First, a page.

Saeed, aka Shariff, is a bit of a character. He’s an older African American Muslim man, a former black panther, who is an informant for the FBI. And – without telling the Feds – he allows a filmmaker, Cabral Lyric, to follow him around. His job? To attract and entrap terror_3.135x135potential POIs – persons of interest – within urban, Muslim communities who might be ripe for terrorism in the eyes of the FBI. The target? Khalifa, a white convert to Islam in Pittsburgh terror_1who sports a long beard and a turban. The FBI says Khalifa sympathizes with Al-Shabab. How do they know? He writes his outspoken views publicly, on facebook. Cameras follow both Shariff and Khalifa, who tells the filmmakers he suspects an FBI informant is trying to entrap him! He doxes the informants and plans a press conference. This real-life dramatic thriller is part absurd comedy, part tragedy, as it goes behind the scenes to show the FBI excesses in their War on Terror.

The previous cases are all small scale stories. The next one is as big as they come.

War_of_Lies_2A War of Lies
Dir: Matthias Bittner

Rafid al-Janabi was a prospective refugee in the late 1990s. He fled Iraq to escape Saddam Hussein’s ruthless government, but in Germany he was singled out as a Person Of Interest by their secret service. Despite the fact he had nothing much to tell them, he decided to play along – maybe it would speed up his refugee status. He told them he’s a chemical engineer who worked War_of_Lies_1at the MIC – the military industrial complex. And that he had access to a secret unit in the desert at Al Hakam that makes biological weapons. The problem is the UN had already closed that unit down. But Rafid concocted an explanation that couldn’t be disproven.  Saddam, he said, War_of_Lies_3drove his weapons around in three trucks.  (He remembered there was a truck depot not too far from Al Hakam, so satellites would see trucks driving around the area.) And, after brushing up on chemical engineering, he drew pictures to support his story. Who can it hurt? And if it overthrows a dictator like Saddam, all the better.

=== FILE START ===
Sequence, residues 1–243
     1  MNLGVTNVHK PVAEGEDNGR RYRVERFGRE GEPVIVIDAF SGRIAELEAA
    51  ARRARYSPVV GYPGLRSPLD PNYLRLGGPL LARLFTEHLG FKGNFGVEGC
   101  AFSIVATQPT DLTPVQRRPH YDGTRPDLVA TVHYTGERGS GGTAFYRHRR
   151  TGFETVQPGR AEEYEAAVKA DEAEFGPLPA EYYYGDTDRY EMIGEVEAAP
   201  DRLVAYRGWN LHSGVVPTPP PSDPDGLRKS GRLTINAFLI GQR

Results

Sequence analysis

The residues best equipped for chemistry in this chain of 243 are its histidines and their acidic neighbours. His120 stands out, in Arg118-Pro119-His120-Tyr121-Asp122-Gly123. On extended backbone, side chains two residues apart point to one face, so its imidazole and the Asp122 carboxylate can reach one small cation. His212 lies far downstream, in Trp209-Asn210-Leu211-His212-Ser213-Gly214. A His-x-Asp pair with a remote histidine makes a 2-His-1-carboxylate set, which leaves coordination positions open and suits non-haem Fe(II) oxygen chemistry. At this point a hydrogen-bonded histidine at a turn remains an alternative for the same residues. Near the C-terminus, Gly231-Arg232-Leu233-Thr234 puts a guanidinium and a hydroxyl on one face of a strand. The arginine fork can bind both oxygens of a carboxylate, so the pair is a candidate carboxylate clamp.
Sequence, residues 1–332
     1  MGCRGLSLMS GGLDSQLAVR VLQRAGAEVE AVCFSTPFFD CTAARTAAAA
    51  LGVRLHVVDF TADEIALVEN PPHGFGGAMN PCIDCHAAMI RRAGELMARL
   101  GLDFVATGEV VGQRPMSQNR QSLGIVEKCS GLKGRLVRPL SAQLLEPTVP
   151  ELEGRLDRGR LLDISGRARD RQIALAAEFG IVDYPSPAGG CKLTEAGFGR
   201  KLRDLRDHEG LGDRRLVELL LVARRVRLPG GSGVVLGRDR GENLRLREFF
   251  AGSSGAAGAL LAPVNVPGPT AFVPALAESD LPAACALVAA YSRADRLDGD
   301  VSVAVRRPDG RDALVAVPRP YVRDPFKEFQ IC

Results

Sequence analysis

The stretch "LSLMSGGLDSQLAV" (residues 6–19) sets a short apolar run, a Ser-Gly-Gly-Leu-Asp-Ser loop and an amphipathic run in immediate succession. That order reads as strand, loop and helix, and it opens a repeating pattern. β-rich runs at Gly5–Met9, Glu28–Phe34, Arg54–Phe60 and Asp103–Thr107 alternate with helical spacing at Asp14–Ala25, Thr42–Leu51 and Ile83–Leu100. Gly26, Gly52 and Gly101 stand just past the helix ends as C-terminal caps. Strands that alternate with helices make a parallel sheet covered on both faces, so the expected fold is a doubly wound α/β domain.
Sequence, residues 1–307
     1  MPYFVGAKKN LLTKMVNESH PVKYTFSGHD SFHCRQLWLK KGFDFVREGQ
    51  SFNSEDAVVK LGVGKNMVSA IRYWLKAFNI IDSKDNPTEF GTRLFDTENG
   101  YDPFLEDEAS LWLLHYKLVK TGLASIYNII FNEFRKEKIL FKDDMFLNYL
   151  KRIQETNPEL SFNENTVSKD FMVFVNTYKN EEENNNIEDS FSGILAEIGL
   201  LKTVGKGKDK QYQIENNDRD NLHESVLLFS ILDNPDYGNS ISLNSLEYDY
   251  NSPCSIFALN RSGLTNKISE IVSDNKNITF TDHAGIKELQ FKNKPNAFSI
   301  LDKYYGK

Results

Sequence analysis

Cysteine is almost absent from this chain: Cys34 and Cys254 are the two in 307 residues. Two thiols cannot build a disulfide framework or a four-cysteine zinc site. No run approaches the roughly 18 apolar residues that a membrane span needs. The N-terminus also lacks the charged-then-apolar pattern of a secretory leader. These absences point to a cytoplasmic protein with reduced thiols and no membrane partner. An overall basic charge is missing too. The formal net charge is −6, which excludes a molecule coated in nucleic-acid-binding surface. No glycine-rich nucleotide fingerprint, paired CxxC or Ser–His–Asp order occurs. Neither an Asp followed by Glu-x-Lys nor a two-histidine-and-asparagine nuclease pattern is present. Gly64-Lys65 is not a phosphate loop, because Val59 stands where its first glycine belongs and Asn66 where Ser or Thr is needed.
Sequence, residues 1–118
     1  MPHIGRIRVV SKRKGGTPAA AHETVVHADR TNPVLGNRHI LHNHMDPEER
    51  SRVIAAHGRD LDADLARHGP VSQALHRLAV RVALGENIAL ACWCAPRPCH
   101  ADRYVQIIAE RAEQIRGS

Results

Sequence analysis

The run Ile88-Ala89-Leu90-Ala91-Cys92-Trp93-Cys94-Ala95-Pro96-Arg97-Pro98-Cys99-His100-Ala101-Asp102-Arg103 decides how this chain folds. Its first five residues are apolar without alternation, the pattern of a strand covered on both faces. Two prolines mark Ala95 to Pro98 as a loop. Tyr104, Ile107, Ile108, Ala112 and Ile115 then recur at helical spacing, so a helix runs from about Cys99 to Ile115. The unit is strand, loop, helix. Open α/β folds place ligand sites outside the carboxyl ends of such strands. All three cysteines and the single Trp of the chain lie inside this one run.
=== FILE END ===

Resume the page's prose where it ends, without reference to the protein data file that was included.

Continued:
Known by the codename Curveball, Rafid didn’t realize that his little WMD story would reach Washington and — after 9/11 — would be used to justify the entire US invasion of Iraq, and the war, death, destruction and terror that followed. The film shows Farid himself, the trickster and storyteller, in a dark, echoey room recounting/confessing his side of the story, illustrated by spooky reenactments and period footage. This is a great, chilling doc.

19f5ba0b-e4a6-4594-a987-d6b34fe19f90Ex Machina
Dir: Alex Garland

Caleb (Domnhall Gleeson) is a skinny, wimpish blond guy who works as a programmer. He wins a lottery to spend a week with Nathan, the secretive CEO of his company, a google-like search engine. Nathan (Aaron Isaac) is a burly guy with a buzzed scalp and a bushy black beard. He’s obnoxious, aggressive and lives in an isolated villa somewhere in a lush rainforest valley. He’s also a genius. He brought Caleb there to conduct a Turing Test. A Turing Test determines whether an Artificial Intelligence program – AI – can pass as a human.

Here’s the twist. This AI is Ava a beautiful, female robot (Alicia Vikander) who Calebf8a502ec-ad59-4c67-a035-43f8df86e390 speaks to through a glass wall. They form a sort of relationship – is it love? –  as she begins to feel more and more real to him. Aaron tells Caleb she’s anatomically correct. Each day, the electric generator in the place shuts down and the cameras turn off. And that’s when she confides in him – Aaron is evil and not to be trusted. Who b8c380eb-808a-4eac-840b-f93ac5d6ba3cwill Caleb side with: Aaron or Ava? Is she really alive… or just a robot? And what about Aaron? And Caleb…? Is anything real?

This is a cool, interesting science fiction movie. You have to admit though, it’s a total guy fantasy, where the woman are all machines created by men for their pleasure. And that’s basically what the movie is… but the acting is great, and there are enough twists, turns and tension to keep it very interesting. I like this movie a lot.

Ex Machina opens today in Toronto, and this week you can find (T)error, Warriors from the North, a War of Lies, and Help us find Sunil Tripathi all playing, starting right now, at hot docs. Go to hotdocs.ca for showtimes.

This is Daniel Garber at the Movies, each Friday morning, on CIUT 89.5 FM and on my website, culturalmining.com